There is a high probability that if your organization
becomes successful, it will be the target of a merger or acquisition—or
perhaps acquire another company itself. When this occurs, the impact on
Disaster Recovery (DR) planning can be dramatic. To avoid potential business
losses, you must adjust your DR plan as soon as possible to handle the changes
due to successful mergers or acquisitions.

There are two scenarios you’ll have to deal with in this
particular type of situation. The first is what you can do when your firm is
the dominant partner in the merger or acquisition. This will give you control
over the IT merger process, and an advantage in political and business
decisions. Of course, if your firm is acquired, you may find yourself in the
opposite situation, where you must take your lead from the dominant market
partner and deal with potential pitfalls.

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If your company controls the process, IT planning for the
new firm is easier in most cases, but certainly not a cakewalk. While your firm
can mandate the procedures to be used, there’s no guarantee that the other firm
will have compatible data-systems, hardware, software, or anything else. This
could mean that they will be completely incapable of following your company’s
lead when it comes to DR planning, at least at the beginning of the process. You
may be able to bring political and economic pressure to bear on the new firm,
which can help to bring them in line with your company’s overall DR plan. However,
you may need to take into account that some things can’t be changed for one
reason or another, and that will mean training your staff on the new
technology, and training
the new staff
from the merger partner on your existing technology. While
this process will be time consuming, it may be unavoidable, especially if the
other company has standardized on a completely different technology set (such
as a different OS or incompatible hardware platform).

If you’re not the controlling company in the merger process,
you’re going to have to face the flipside of the scenario we just discussed. It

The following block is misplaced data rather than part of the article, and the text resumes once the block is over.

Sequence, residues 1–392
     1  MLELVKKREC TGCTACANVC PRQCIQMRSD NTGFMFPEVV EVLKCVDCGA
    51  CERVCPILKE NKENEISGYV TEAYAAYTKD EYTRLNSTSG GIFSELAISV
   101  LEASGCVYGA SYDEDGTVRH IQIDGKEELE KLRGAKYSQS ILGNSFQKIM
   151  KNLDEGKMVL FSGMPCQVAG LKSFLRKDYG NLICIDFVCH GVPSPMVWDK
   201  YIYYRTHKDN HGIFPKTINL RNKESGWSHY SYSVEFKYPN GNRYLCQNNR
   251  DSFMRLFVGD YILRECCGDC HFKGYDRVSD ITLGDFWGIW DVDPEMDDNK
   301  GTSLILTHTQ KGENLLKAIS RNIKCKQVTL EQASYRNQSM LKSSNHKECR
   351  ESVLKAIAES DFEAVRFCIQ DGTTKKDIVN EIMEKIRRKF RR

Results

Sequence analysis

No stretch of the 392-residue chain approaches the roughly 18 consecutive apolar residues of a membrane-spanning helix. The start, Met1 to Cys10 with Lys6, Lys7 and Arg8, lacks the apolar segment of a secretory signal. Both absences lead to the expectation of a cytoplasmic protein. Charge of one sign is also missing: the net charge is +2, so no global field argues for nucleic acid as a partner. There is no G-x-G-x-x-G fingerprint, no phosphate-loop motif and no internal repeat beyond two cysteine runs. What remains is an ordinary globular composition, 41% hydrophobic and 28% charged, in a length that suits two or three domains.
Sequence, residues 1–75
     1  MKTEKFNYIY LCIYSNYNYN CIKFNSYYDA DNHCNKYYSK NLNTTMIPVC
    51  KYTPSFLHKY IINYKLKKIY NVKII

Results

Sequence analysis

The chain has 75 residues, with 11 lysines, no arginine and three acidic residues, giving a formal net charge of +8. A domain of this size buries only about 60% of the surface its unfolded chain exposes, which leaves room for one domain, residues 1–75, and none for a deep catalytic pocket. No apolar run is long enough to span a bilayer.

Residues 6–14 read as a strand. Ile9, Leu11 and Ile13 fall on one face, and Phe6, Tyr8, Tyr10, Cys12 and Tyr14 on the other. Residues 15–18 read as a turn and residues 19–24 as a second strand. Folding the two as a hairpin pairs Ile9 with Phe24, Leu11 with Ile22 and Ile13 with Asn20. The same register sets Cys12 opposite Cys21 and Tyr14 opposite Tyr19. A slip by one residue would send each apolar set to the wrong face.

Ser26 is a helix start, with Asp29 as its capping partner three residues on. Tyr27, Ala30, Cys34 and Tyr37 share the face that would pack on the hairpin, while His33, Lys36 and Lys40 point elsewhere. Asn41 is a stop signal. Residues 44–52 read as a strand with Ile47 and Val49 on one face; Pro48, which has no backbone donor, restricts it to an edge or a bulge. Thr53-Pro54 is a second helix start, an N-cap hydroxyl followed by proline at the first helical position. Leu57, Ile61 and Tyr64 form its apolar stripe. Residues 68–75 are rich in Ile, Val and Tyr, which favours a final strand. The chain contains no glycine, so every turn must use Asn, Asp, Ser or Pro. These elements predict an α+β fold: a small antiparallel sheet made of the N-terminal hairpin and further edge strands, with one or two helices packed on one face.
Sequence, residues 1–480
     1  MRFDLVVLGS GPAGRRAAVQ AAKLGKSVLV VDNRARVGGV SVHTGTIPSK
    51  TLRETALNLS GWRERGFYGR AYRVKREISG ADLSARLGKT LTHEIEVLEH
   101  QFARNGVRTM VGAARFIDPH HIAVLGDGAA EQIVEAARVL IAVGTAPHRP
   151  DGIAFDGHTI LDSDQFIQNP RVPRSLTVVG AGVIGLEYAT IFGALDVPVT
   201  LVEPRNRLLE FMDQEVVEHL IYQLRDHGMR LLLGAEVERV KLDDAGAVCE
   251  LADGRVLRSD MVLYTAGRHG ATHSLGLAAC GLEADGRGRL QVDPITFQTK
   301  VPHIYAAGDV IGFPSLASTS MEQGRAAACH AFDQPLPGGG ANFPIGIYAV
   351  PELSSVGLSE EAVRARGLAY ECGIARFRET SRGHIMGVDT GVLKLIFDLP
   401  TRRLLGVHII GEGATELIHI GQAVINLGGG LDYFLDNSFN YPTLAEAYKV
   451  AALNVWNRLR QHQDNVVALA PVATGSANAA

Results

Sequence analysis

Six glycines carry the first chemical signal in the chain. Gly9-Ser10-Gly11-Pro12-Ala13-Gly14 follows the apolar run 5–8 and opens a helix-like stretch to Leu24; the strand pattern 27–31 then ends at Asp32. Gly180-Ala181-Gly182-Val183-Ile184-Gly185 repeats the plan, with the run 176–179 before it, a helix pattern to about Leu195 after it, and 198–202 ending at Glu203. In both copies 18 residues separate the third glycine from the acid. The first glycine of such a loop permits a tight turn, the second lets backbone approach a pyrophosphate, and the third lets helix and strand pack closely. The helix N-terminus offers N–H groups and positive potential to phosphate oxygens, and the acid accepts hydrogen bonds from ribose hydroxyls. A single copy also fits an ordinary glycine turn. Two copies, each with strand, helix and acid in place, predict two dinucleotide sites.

will be up to your company to attempt to either adapt to the technology base of
the dominant partner, or else justify why the new firm either needs to let you
keep what you have, or possibly even take some of that technology into their
own shop. If systems are compatible, and the other partner’s technology base is
better than what you have from a DR perspective, then you should be open to
accepting the new tech into your own organization. However, if they are not
well-prepared for DR, or have technology that is simply incompatible with your
solution set, you may need to be ready to assert all the pressure you can bring
to bear to make sure you don’t get forced to go backwards with your own DR
plans. If the dominant partner’s DR plan does not comply with regulatory requirements,
leaves your data open to potential losses, or does anything else that could
endanger your systems, those issues should be well documented and used as
ammunition to get your side of the story across to the higher-ups.

Mergers and acquisitions are never easy. Melding together
two companies is hard enough from a business perspective, and it doesn’t get
any less complex from a technology
perspective
. Being ready for what’s coming up, analyzing your environment
and that of the new partner, and knowing how to state your case clearly and
emphatically can keep you from getting the short end of the DR stick, no matter
which side of the business case you’re on.